Sometimes the best medicine is to give none at all but to pull back, go inward, and meditate. Sometimes calming meditation is all you need to clear the head and soothe the body. A good dose of quiet time alone will do wonders for the human body and the human soul. During stressful times think first of calming meditation to address your woes. You can’t do any harm, and isn’t that the first consideration? Do no harm, meditate.
Deep work on the self is inevitably accompanied by equally deep encounters with anxiety. Heightened anxiety states not only shut down our ability to explore and process our self-discoveries, but often become a major preoccupation, taking most of our energy and attention to manage.
Inherent in our body are physical movements that regulate our anxious states. When we dream our eyes move rapidly back and forth as we put to rest disturbing experiences from our days. This is an unconscious, built-in body movement that regulates our anxiety every day. Without this body processing function, our lives would be overrun by the anxiety of one long run-on sentence without the punctuation of completion and rejuvenation that our daily dreams provide us with.
The Shamans of Ancient Mexico discovered, in their dreaming, the Magical Pass of Recapitulation. This pass also involves a back and forth movement, similar to the rapid eye movement of dreaming, though not just of the eyes, but of the entire head. This movement is accompanied by an inhalation and an exhalation as the head sweeps from side to side. Those shamans discovered that those movements could be consciously performed to put troubled life experiences to rest, whereby reducing anxiety through release of energetic attachment to the past.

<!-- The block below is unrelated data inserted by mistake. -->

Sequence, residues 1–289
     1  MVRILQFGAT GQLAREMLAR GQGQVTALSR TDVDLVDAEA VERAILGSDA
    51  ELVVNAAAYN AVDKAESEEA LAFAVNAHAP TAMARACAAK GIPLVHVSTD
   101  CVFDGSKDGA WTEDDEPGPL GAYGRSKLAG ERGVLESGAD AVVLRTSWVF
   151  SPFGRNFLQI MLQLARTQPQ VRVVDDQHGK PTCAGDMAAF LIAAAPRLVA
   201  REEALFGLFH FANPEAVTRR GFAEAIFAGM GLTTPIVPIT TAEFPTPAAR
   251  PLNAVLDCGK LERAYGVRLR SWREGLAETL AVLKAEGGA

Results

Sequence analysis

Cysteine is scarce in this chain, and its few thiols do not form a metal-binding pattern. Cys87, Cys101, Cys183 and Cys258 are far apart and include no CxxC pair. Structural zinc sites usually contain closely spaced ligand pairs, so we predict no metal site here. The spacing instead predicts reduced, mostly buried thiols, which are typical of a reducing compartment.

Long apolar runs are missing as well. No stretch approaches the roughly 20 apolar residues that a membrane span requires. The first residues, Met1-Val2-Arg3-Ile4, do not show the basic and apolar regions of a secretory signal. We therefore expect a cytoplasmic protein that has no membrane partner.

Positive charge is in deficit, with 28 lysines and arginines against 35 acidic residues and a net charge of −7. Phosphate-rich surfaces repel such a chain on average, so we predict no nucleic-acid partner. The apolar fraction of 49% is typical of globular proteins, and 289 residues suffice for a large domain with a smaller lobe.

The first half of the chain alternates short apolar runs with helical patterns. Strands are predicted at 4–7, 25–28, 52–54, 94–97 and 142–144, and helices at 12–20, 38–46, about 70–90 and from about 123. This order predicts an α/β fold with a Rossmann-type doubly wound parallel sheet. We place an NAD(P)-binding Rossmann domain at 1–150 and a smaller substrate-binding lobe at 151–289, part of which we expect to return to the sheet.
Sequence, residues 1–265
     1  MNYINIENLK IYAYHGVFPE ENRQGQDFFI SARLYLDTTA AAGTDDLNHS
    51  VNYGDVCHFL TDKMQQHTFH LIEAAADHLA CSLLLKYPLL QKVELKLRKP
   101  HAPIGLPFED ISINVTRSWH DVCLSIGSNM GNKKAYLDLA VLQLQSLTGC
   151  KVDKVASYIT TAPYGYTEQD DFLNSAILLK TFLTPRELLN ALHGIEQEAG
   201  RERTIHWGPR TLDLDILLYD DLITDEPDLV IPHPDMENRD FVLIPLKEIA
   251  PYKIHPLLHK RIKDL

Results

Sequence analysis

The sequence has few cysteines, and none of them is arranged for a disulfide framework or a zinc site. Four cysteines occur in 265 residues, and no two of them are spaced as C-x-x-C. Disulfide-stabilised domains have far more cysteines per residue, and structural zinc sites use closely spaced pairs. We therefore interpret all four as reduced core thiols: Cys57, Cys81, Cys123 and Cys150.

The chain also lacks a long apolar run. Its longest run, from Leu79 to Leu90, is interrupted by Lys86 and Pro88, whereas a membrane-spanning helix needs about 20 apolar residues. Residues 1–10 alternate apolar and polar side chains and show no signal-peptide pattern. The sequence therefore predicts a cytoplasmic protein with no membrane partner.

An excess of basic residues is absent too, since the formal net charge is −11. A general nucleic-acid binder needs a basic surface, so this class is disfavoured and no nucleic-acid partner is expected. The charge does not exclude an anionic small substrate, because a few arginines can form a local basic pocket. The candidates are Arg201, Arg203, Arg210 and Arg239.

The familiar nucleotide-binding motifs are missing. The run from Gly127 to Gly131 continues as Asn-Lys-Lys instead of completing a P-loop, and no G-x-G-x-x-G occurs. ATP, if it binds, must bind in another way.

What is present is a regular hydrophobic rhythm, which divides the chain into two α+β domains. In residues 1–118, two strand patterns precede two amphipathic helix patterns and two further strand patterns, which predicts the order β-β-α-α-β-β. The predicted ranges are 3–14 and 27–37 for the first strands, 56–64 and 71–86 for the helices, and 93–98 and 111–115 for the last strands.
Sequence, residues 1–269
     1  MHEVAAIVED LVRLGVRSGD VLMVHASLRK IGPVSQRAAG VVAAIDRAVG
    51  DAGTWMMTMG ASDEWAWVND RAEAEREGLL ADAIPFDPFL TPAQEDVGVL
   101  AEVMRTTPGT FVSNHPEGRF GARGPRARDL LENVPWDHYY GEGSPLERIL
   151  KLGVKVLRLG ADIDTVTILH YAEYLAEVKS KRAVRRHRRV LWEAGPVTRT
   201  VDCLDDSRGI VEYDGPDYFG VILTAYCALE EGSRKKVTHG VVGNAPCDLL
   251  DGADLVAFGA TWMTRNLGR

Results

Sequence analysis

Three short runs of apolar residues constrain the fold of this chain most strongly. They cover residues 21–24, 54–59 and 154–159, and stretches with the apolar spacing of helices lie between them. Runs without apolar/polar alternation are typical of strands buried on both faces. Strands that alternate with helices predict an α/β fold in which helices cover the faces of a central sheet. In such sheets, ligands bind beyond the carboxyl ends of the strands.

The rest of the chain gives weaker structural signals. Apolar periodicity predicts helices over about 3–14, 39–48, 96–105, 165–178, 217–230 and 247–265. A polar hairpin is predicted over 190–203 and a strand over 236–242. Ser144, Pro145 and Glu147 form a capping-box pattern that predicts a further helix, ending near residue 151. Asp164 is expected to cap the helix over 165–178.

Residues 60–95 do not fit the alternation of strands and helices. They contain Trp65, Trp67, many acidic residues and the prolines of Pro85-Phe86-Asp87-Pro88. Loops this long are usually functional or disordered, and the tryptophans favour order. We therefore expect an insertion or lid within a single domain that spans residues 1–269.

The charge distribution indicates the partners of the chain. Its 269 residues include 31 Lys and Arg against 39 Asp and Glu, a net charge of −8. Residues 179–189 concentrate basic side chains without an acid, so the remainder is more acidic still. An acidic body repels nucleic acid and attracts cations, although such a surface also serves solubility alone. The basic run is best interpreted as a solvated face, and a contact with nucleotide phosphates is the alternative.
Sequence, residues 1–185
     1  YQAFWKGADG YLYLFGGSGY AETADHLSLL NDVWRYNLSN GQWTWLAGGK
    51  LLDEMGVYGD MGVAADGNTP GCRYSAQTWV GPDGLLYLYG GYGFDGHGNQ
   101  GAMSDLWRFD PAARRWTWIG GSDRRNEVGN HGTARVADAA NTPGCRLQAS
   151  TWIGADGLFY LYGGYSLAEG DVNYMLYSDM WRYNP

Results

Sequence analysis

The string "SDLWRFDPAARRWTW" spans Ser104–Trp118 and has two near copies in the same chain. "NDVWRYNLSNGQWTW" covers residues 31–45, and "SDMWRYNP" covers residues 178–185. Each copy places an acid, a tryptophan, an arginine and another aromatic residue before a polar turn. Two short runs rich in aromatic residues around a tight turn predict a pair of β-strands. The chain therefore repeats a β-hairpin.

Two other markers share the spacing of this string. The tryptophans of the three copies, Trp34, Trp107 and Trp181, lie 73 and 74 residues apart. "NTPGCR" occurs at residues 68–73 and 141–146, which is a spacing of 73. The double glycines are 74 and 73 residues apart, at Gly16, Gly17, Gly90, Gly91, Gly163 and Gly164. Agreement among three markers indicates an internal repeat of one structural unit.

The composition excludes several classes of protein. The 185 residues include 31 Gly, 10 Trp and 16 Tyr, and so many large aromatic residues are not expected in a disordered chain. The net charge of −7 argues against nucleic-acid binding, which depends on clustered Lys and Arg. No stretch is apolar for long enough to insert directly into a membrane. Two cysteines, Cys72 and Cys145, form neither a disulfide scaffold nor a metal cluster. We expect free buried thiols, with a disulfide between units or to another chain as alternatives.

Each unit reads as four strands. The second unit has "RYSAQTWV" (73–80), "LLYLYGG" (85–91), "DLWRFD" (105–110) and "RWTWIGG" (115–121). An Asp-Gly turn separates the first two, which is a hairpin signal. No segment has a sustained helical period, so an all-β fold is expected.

Francine Shapiro inadvertently discovered the same bilateral mechanism inherent in the body in what has come to be known as EMDR. In EMDR, like in shamanic recapitulation, anxiety is reduced through bilateral movement that enables processing and putting traumatic experiences to rest.
The ancient Hindus discovered many body poses and breathing techniques to master the central nervous system, which manifests anxiety. They came to call these body practices yoga. One such breathing technique is called Nadhi Sadhana or alternate nostril breathing.
In this pranayama exercise, using our right hand, we close off the right nostril with our thumb while breathing in through the left nostril. When the inhalation is complete, we close off the left nostril with the ring finger, in effect gently pinching the nose closed for a brief pause, before lifting the thumb and exhaling through the right nostril. At the completion of the exhalation we inhale through the right nostril, close it off with the thumb, pause for a moment with pinched nose before lifting the ring finger and exhaling through the left nostril. This back and forth breathing practice counts as one complete breath. The sequence is repeated, going back and forth through alternate nostrils.
Jan and I practice this breathing at least twice each day for a total of at least twelve complete breaths. Our personal finding is a significant reduction in anxiety, resulting in a calming of the central nervous system that lasts throughout the day. This yoga breathing activates the inborn automatic bilateral movement of dreaming in a conscious way, offering a high level regulation of anxiety.
We do not recommend this breathing to accompany the processing of memories or trauma, as the recapitulation breath takes care of that. However, it is highly effective, if practiced regularly, to reduce the overall tension and levels of stress in the body. And for that we recommend it.
The body is our temple. Though itself mortal, it houses all that we are and all that we will become beyond our mortal lives. The body as temple houses physical movements that we can consciously access and exercise that greatly support our spiritual journeys, and that prepare us for our ultimate life without a body.